Initially, financial institutions had representatives on the board of directors. But the powerful bureaucracy hunting for post-retirement freebies muscled out the professionals from the board. While there is a bar of one year before which a retired civil servant can take up a corporate job, there is no restriction on a civil servant either joining a board as a corporate director or providing consultancy to a company—both these routes have been exploited by companies to return favours obtained from bureaucrats in the flag end of their careers. To protect interests of lenders and shareholders, there is an urgent need to make independent directors’ accountability at par with rest of the board members. The board must provide detailed rationale to all shareholders for appointing a person as an independent director and details of his/her findings and observations on corporate functioning including points of dissent.
*Inadequate PSB board engagement: As required by law, the boards of PSBs meet four times a year. The Uday Kotak Committee recommended it to be enhanced to five times a year. But given that PSBs are facing exceptional challenges—overseeing NPA resolution, reviewing portfolio for further asset quality deterioration and need to focus on customer experience—it is proposed that PSB boards should go beyond the requirements and meet at least six times a year. This proposal might be pushed back on the ground that many of the board members might not be able to find the desired time on account of sitting on several other boards. However, this, in itself, is a major fault line as it can result in board interlock or conflict of interest. Given the impact of PSBs on the economy, an exception should be made under the Companies Act to prohibit PSB board members to take up any other board membership. Remuneration of PSB members should be revised accordingly.
*Lack of customer-centricity: Retail customers are a consistent source of profits for PSBs. The primary reason they continued to bank with PSBs was the implied sovereign guarantee for their deposits. But they have now started to prefer private sector banks, and new customer acquisition by PSBs has slowed down considerably—the reason is poor customer service. While all PSBs have committees to address concerns of shareholders and staff, there is a lack of focus at the board level on customer interests, experience, grievances. To stay competitive, PSBs must set up a customer relationship committee at the board level to drive the message of customer service and customer centricity across banks.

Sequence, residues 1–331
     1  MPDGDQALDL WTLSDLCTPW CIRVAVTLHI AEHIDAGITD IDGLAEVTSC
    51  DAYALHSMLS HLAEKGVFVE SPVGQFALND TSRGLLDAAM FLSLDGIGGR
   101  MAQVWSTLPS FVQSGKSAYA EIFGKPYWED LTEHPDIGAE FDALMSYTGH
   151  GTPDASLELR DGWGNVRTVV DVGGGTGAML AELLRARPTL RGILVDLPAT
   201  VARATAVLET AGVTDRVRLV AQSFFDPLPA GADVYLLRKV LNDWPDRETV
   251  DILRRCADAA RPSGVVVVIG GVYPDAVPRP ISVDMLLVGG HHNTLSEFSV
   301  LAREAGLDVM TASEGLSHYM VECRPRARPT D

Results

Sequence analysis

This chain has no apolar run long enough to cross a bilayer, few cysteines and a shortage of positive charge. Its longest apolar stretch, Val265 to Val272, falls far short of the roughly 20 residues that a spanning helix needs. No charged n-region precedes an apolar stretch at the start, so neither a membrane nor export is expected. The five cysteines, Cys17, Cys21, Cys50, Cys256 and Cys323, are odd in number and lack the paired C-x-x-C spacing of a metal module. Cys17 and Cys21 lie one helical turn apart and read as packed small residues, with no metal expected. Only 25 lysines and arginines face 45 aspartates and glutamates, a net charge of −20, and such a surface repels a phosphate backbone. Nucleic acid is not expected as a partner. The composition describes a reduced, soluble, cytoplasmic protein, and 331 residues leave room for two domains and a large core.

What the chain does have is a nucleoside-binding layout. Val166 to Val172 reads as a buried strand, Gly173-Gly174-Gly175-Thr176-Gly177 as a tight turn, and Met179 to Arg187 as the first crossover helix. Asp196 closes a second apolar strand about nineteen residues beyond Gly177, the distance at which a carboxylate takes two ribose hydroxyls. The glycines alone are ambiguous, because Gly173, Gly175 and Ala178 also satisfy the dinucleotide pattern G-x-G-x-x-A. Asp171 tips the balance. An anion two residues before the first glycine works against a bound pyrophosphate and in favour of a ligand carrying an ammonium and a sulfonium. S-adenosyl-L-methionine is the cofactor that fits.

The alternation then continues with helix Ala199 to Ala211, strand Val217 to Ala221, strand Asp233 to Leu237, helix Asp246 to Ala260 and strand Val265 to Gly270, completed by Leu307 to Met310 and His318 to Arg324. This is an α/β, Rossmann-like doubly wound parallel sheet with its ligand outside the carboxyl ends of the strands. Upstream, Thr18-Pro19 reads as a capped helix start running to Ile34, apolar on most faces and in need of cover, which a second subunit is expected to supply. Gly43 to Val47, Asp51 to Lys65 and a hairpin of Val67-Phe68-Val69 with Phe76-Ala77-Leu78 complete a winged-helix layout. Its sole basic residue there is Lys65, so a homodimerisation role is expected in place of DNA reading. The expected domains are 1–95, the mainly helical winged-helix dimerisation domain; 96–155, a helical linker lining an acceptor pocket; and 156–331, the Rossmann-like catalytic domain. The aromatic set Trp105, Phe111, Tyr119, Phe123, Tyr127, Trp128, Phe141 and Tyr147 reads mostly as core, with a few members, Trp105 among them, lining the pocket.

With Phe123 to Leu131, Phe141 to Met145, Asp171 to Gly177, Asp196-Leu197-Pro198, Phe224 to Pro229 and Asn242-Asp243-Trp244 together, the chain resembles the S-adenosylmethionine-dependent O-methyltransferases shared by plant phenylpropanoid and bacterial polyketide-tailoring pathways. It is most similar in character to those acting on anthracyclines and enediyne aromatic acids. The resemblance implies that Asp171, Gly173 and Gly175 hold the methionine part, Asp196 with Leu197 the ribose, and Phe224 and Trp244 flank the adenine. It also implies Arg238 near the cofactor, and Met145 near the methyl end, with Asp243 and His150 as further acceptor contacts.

*Lack of transparency in key appointments: Until mid-2016, the appointment of senior officials in PSBs was done exclusively by the Appointments Committee comprising of the PM, home minister and finance minister, without any formal inputs from subject matter experts. These appointments were prone to lobbying.
With the objective of bringing transparency to appointments process, the government set up the Banks Board Bureau (BBB) as an autonomous body for recommending appointments of senior officials in PSBs. But since the members of BBB are appointed by the government, it still does not completely eliminate the possibility of government intervention. To ensure transparency, there should be a collegium comprising of equal number of members from both the government and the opposition to recommend the board members.
Of late, PSBs have shown strong intent to resolve the NPA crisis by making use of the tools made available to them under the bankruptcy code. However, there are several constraints beyond the control of PSBs that affect their efficiency. It is incumbent upon policy-makers to identify systemic issues ailing our PSBs, bite the bullet, and ensure that we put an end to the precedents of taxpayer bailouts of PSBs in India.
By Akhil Arora, Master of Laws from University of Chicago Law School